December 13, 2007 For those of you considering heading to theaters to watch the PG-13 "I Am Legend" film with Will Smith (remake of "Last Man on Earth" and "Omega Man," both based on Richard Matheson's "I Am Legend" novel), there's actually some good news.
Lawrence French of CinefantastiqueOnline.com likes the movie:
Warner Bros. long in the works re-make of I AM LEGEND hits theaters this Friday, and I found myself rather surprised to find it quite a sensation, as I truly expected it to be the typical Hollywood case of dumbing down the original novel. Of course, this third big screen version is still not very faithful to Richard Matheson’s book, but it’s easily the best of the three movie versions that have been produced so far. And naturally, if analyzed too closely, there are some plot holes in the logic of the story, but to be truthful, what movie (and especially what fantasy movie) can’t be faulted in this regard? The prime example in this area would be most of Alfred Hitchcock’s movies, including his masterpiece, VERTIGO. They all have lapses of logic, but as Hitchcock knew so well, the trick was to keep the audience from noticing them as they were watching the film. In this regard, I AM LEGEND succeeds admirably. Director Lawrence also seems to know when less is more, as like Hitchcock in THE BIRDS, he carefully follows his suspense set pieces with quiet reflective scenes that allow an audience the chance to recover.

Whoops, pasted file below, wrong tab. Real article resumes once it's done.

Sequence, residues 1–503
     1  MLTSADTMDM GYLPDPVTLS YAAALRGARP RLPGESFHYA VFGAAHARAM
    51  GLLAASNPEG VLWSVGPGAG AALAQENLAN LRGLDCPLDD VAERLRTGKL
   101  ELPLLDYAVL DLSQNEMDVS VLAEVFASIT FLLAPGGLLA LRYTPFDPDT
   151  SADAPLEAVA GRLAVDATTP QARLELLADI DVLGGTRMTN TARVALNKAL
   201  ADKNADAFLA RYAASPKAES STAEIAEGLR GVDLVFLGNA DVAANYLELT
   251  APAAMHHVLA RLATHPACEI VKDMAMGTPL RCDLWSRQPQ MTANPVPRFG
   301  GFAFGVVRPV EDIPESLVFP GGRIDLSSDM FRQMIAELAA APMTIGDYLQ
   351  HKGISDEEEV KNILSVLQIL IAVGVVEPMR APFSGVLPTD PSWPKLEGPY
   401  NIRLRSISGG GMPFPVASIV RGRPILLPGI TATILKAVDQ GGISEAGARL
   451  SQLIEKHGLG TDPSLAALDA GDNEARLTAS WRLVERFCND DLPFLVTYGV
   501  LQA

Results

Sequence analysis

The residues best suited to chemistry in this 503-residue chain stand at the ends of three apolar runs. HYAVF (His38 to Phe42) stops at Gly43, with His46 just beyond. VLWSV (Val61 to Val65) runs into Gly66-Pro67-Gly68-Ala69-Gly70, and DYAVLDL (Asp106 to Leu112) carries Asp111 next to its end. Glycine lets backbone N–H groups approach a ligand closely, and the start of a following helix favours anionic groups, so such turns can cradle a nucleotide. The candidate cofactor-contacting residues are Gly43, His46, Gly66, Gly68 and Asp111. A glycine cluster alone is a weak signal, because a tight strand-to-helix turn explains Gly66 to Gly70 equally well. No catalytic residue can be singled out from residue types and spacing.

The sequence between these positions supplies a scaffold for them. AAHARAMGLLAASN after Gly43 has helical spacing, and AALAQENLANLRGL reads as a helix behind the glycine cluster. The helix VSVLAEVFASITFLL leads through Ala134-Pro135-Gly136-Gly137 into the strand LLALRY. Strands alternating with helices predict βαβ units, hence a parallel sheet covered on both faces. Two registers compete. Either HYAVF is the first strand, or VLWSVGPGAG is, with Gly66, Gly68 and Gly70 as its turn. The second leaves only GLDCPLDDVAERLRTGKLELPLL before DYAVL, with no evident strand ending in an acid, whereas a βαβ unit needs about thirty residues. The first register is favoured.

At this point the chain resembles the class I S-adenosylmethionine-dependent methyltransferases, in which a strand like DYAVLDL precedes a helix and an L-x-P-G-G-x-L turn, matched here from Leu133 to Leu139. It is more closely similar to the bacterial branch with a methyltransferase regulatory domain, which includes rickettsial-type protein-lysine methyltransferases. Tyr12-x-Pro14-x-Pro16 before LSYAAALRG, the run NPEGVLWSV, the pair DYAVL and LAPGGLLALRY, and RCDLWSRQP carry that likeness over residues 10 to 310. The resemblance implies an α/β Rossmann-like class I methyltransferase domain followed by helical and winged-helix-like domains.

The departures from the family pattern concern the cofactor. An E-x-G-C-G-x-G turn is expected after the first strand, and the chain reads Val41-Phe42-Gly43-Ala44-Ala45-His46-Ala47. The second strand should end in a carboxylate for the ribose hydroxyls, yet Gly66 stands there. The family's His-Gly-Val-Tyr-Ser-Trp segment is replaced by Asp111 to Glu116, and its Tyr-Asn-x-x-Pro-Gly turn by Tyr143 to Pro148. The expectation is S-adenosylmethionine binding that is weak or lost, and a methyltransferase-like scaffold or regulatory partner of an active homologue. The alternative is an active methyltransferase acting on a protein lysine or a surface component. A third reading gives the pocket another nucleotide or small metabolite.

Needless to say, for any current Hollywood film that costs over $100 million, the technical aspects on display are quite incredible. That includes not only the beautiful fluid cinematography of Andrew Lesnie, who provides amazing overhead tracking shots down Park Ave, but also the special effects and animation work, headed by Janek Sirrs, along with the awesome sound effects led by veteran sound mixer Tod Maitland. It seems quite likely that in all of these areas, I AM LEGEND will easily be a front-runner for Oscar consideration.
In fact, it’s really due to the beautiful marriage of visuals and sound effects that the film manages to be so frightening. There is a real atmosphere of dread and fear surrounding Will Smith’s encounters with the infected “night seekers” who are not the traditional vampires of Matheson’s novel, but are still unable to venture into the daylight without instantly dissolving. Director Lawrence also seems to have wisely taken a page from Val Lewton’s notebook, and used his soundtrack to accent and surprise the audience. There are long passages of total silence that are suddenly broken by a loud sound effect that literarily jolts you out of your seat.
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